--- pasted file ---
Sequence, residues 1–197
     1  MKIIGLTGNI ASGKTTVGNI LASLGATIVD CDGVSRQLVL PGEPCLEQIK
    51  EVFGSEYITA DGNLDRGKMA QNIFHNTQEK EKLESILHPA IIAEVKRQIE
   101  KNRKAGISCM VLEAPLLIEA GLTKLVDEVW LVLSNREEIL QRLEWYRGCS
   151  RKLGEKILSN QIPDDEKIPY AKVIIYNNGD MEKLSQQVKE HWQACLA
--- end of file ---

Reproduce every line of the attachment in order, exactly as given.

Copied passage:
Sequence, residues 1–197
     1  MKIIGLTGNI ASGKTTVGNI LASLGATIVD CDGVSRQLVL PGEPCLEQIK
    51  EVFGSEYITA DGNLDRGKMA QNIFHNTQEK EKLESILHPA IIAEVKRQIE
   101  KNRKAGISCM VLEAPLLIEA GLTKLVDEVW LVLSNREEIL QRLEWYRGCS
   151  RKLGEKILSN QIPDDEKIPY AKVIIYNNGD MEKLSQQVKE HWQACLA